In the winter of 1978, soon after I entered my teens, I began seeking solitude on the roof of our leaky house in Benghazi. I'd head up with a few thin books and a pack of cigarettes, and the wide horizon and dramatic skies of our warm winters were all mine to contemplate. I also began contemplating the Pakistani beauty who lived in the three-story apartment tower behind our house.
She was a few years older than I, so there was no chance of a relationship. And though I never got a close look at her face, I am certain that it did my growing aesthetic sensibility much good to study the straight lines of her slim figure dressed in various designs of shalwar kameez. She often lay in her neat bed with her back to me, and I studied the dip in the waist, the discernable climb of the hips and her feet arranged, right heel tucked into the arch of the left, like the yin snug inside the yang.
A week after I first saw her, I looked toward her balcony to find a huge portrait of Moammar Kadafi blocking the French doors. Her father, a painter, had placed it there to dry. Others followed. The father and I exchanged greetings now and then, but seldom more. Then, one day as he was lighting his pipe, he turned to me and asked, "So what do you think of the great leader?"
That was not the first time that Kadafi's image proved a menace, nor the last. A few months earlier on April 7, 1977, members of the revolutionary committees had plastered a poster of Kadafi's image on my father's car. On that same day they had, under the dictator's direct supervision, publicly hanged several dissidents in Benghazi.
On the day of the execution, the Ghibli winds blowing from the desert filled the air with dust and turned the sky into a reddish-gray canopy. I'd taken a bus with a friend to catch a movie downtown. Nearing Shajara Square, the bus simply turned around and took us back to where we had come from. Later that evening, state television repeatedly broadcast the hangings. I went to our garage to peel the dictator's poster off our car. It took an interminably long time.
Along with millions of other Libyans, I have never stopped trying to peel Kadafi's image from my life. Even after I came to the U.S. in 1979 to continue my education, the dictator seemed to follow me. He was the one Libyan most people had heard of, and they wanted to talk about him. I used to be enraged when women told me how handsome he was. To me he was the face of evil itself, the face of separation, exile, thuggery, torture and lies.
In the 1980s, the decade Kadafi's bouffant was reportedly coiffed by hairdressers flown in from Paris, his agents assassinated dozens of Libyan dissidents in Europe. Returnees from the West were thrown in jail for years without any charges ever brought against them. When my mother would call on the phone from Libya, she talked to me in a code that left me puzzled as to whether a relative had gotten married or arrested, beaten to death or had recovered from an illness.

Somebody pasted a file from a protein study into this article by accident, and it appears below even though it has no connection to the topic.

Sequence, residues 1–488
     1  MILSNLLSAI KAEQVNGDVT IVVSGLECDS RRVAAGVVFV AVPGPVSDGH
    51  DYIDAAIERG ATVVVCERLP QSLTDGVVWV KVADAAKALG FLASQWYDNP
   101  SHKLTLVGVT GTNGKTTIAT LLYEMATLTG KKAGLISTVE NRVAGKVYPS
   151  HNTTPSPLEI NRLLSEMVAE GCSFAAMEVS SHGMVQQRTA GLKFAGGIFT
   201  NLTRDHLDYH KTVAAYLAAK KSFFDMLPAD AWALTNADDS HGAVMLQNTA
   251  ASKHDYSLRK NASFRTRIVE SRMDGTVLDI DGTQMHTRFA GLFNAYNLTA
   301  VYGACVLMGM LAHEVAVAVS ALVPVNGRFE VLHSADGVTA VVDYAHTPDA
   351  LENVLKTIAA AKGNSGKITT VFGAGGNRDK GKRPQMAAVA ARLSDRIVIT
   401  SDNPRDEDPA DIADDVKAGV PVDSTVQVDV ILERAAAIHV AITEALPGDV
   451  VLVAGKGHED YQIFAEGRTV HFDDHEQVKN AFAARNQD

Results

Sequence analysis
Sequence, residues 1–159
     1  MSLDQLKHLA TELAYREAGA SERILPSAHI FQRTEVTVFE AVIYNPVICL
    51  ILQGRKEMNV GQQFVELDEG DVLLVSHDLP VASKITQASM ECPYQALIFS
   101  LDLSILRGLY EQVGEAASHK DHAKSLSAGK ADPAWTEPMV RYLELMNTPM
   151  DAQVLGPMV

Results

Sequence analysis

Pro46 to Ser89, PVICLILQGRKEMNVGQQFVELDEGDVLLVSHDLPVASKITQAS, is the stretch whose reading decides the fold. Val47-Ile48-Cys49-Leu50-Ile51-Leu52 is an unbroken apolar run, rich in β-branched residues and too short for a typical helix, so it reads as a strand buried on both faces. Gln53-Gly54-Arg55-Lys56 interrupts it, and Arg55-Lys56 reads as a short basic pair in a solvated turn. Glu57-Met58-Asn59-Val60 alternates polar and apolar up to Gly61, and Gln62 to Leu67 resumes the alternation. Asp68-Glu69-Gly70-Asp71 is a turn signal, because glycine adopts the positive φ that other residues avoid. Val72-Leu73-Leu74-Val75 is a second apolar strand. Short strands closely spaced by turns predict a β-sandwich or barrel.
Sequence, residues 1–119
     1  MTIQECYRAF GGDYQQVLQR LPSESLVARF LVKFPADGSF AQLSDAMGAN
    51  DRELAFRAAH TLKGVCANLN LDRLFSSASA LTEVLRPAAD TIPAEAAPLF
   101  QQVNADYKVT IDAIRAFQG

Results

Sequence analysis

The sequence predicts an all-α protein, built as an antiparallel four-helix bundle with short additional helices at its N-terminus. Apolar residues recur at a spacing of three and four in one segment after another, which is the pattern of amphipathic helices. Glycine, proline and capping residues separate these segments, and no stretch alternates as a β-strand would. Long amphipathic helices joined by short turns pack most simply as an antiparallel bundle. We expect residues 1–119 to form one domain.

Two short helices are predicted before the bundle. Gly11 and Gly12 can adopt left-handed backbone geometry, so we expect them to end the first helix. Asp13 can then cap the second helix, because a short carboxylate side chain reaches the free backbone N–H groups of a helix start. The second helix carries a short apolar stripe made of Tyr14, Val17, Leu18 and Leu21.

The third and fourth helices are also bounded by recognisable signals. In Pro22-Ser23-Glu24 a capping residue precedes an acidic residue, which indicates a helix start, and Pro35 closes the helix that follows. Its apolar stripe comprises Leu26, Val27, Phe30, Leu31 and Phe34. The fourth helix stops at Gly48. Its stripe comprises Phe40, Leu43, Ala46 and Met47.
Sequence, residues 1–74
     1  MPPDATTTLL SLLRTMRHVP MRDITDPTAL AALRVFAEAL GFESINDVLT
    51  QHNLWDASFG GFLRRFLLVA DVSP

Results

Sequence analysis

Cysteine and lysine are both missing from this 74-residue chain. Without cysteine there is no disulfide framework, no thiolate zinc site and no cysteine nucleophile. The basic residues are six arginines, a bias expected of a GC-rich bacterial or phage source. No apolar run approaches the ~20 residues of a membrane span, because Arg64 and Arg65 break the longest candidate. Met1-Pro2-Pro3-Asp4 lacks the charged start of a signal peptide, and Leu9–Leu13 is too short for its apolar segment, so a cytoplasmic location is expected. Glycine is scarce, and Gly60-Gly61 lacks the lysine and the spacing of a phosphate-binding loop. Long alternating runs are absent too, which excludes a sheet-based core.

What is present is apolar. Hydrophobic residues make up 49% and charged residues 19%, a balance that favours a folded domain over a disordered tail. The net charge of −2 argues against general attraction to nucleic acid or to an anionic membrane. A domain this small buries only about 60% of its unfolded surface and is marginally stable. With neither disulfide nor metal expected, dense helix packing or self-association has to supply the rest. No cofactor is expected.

In the 1990s, as Kadafi's hair frizzed up, the mole near his nose grew more prominent and his eyes peered like two coals from behind huge, flame-hued sunglasses, friends or colleagues made statements such as, "Your president, he is so [pause] interesting. We have not heard much from him lately. What's he been up to?"
What was he up to? No public hangings appeared on television in the 1990s, but many died under torture. Prisoners fell to tuberculosis by the hundreds. Jails had special sections for political opponents whom the courts had judged innocent. And on June 28, 1996, supervised by the dictator's brother-in-law, the Abu Salim prison massacre took place. An estimated 1,270 prisoners were killed in cold blood.
Having grown tired of exile, I began to visit home again starting in 2000. The dictator's style then consisted mainly of African robes made of fabrics fit for movie scenes set in cheap bordellos. Amid the talk of reforms and a return to the international fold, his absurd attire and demeanor seemed to mock all that was being said around him. The facial lines on his cheeks deepened; the sacks around his eyes made him seem perpetually squinting; the long, thin lips seemed set in a curl of boundless contempt. Not a single gray wisp could be seen in the mop of wild hair dyed coal black, nor even in his goatee.
Watching the homicidal clown and his offspring — one ghastly daughter and several murderous-looking sons dressed in Italian suits or army uniforms — 6 million Libyans asked themselves daily: These are our leaders?
How sweet it is now to see my countrymen rise to shake off decades of fear, defensiveness and shame, to see them burn and tear poster after poster, billboard after billboard depicting one of history's most loathsome figures, the man who has oppressed and humiliated them for four decades.
Despite the unbearable losses incurred these last two weeks, and those certain to come before the revolution succeeds, Libyans are finally exercising their collective potential. The stakes are enormously high, and the dictator has made clear he won't go quietly. But our country may finally become ours at last. A beauty we have never fully seen is turning to face us straight on, giving us a new lease on life.
Khaled Mattawa is a poet and a professor of creative writing at the University of Michigan. His latest book of poetry is "Tocqueville."